Home Money Dividend Heroes: The investment trusts raising payouts since England won the World Cup in 1966

Dividend Heroes: The investment trusts raising payouts since England won the World Cup in 1966

by Elijah
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Hunting for dividends? 20 hedge fund 'dividend heroes' have increased their dividends for 20 years or more in a row, and three since England won the soccer World Cup.

Savers have been enjoying some of the highest interest rates in 15 years, but there are tentative signs that the rush to cash could be slowing.

Cash Isa subscriptions are down 40 per cent from their peak in August 2023, according to Bank of England data.

And it’s not just cash savers and bond investors who have been enjoying income returns above the rate of inflation. So are those who buy investment trusts with exceptionally long records of growing dividends.

For those looking to build a portfolio of long-term income-friendly investments, there are so-called “dividend heroes” investment trusts, which have increased their payouts to investors every year for at least twenty consecutive years.

Hunting for dividends? 20 hedge fund 'dividend heroes' have increased their dividends for 20 years or more in a row, and three since England won the soccer World Cup.

Hunting for dividends? 20 hedge fund ‘dividend heroes’ have increased their dividends for 20 years or more in a row, and three since England won the soccer World Cup.

The Association of Investment Companies has published its latest list of 20 Dividend Heroes, the trusts with the longest, unbroken track record of increasing payouts for investors, year on year.

Surprisingly, half of the 20 Dividend Heroes have increased their payouts for fifty years in a row.

And three of them, City of London Investment Trust, Caledonia Investments and Alliance, have increased their dividends for 57 consecutive years, since England won the soccer World Cup.

Interestingly for today’s investors, the share price of each of these trusts is at a discount to their net asset value.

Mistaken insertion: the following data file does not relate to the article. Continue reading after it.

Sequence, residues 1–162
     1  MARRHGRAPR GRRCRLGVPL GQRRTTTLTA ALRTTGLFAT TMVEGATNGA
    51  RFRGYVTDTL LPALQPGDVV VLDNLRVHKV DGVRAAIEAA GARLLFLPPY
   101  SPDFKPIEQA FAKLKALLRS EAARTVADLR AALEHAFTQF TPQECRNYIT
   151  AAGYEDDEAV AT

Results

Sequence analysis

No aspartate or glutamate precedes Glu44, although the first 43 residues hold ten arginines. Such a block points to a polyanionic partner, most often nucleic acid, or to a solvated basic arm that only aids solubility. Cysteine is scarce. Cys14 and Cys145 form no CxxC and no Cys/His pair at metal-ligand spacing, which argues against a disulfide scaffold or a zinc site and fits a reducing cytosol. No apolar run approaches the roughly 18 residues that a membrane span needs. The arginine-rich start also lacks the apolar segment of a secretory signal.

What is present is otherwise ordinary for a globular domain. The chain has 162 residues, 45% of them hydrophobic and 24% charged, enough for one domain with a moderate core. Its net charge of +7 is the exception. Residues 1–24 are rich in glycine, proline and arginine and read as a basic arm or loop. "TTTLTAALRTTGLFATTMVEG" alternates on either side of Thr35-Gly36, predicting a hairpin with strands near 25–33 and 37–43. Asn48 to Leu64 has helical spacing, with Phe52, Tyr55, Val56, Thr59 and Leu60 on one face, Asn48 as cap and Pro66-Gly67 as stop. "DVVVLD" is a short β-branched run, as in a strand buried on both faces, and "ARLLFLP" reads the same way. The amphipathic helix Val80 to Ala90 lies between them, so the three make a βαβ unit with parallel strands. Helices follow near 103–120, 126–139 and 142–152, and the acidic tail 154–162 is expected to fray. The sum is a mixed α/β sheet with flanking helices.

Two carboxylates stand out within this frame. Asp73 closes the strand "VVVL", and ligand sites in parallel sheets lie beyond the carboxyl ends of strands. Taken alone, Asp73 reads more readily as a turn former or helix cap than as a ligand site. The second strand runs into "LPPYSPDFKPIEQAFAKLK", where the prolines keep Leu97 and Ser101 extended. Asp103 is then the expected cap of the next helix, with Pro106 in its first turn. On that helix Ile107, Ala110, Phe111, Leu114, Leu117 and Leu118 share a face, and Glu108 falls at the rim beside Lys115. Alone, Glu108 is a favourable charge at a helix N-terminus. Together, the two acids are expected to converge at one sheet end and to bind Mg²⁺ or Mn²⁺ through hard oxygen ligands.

Meanwhile, five of the trusts on the list have a dividend yield above 5 per cent: City of London, with a yield of 5.12 per cent, JP Morgan Claverhouse, with 5.18 per cent, Merchants Trust with 5.24 percent, Schroder Income Growth with 5.21 percent. and Abrdn Equity Income with a whopping 8.42 percent return.

Laith Khalaf, head of investment analysis at AJ Bell, said: “Based on the historical dividend growth achieved by these trusts, after ten years they could be returning 8 per cent of an investment made today (based on a current yield of 5.8 percent, which increases by 3.2 percent annually).

In fact, investors are getting global income at a knockdown price.

Charles Luke, manager of Murray Income Trust

“This also makes them an attractive transition for investors approaching retirement and looking to bolster their future income.”

Equity trusts make up a large part of the list. It’s no secret that the UK stock market has been somewhat unloved over the last few years, with Magnificent Seven stocks across the pond in the US stealing the show among investors.

Jason Hollands, CEO of Bestinvest, said: “Let’s not forget two of the key attributes of the London market (along with, at the moment, very attractive valuations): high dividend yields which are very useful for income investors, and the presence of a wide variety of publicly traded investment trusts and investment companies that can provide investors with well-diversified portfolios.

Charles Luke, manager of Murray Income Trust, said the UK is currently an attractive opportunity for income investors.

‘It provides access to companies with attractive long-term growth opportunities at valuations that are attractive on a relative and absolute basis, both in terms of earnings and dividend yield. “In effect, investors are getting global income at a knockdown price,” he added.

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investment company AIC sector Number of consecutive years in which the dividend increased Dividend yield (%) 5-year annualized dividend growth rate (%)
City of London UK Equity Income 57 5.12 2.58
bankers Global 57 2.31 5.36
Alliance Trust Global 57 2.10 13.2
Caledonia Investments Flexible investment 56 2.06 3.41